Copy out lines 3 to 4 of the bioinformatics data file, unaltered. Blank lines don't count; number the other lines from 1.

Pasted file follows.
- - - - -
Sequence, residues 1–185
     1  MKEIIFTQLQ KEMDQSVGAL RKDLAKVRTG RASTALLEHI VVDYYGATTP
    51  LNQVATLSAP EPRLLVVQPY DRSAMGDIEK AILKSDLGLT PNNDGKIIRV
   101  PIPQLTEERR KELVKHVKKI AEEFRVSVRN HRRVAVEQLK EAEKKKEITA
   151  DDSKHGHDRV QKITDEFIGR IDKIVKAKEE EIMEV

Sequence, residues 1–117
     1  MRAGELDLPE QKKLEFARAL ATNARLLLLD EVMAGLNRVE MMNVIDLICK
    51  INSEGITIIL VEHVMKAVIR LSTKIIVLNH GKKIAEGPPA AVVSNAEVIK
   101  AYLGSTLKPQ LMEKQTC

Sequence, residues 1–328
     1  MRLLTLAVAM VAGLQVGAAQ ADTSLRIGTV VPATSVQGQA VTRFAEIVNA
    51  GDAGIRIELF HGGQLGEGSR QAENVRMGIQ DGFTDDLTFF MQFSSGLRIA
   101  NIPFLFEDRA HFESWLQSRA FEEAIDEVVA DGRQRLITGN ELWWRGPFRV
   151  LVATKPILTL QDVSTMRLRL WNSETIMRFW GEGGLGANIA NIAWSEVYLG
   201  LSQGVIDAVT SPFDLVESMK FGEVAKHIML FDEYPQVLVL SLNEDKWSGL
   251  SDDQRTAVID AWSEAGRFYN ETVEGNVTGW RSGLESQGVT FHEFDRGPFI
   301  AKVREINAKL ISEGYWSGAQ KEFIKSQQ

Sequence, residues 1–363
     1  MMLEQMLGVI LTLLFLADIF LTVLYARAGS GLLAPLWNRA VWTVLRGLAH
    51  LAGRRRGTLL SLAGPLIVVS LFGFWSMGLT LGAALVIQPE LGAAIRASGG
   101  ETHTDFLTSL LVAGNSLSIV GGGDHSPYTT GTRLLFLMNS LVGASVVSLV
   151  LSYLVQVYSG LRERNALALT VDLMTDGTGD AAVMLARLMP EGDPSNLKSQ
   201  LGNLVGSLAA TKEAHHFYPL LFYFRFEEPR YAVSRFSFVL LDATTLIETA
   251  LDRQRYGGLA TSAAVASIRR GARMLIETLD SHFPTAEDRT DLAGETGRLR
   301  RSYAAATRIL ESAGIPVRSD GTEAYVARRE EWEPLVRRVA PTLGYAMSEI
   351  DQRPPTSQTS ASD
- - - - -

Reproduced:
    51  LNQVATLSAP EPRLLVVQPY DRSAMGDIEK AILKSDLGLT PNNDGKIIRV
   101  PIPQLTEERR KELVKHVKKI AEEFRVSVRN HRRVAVEQLK EAEKKKEITA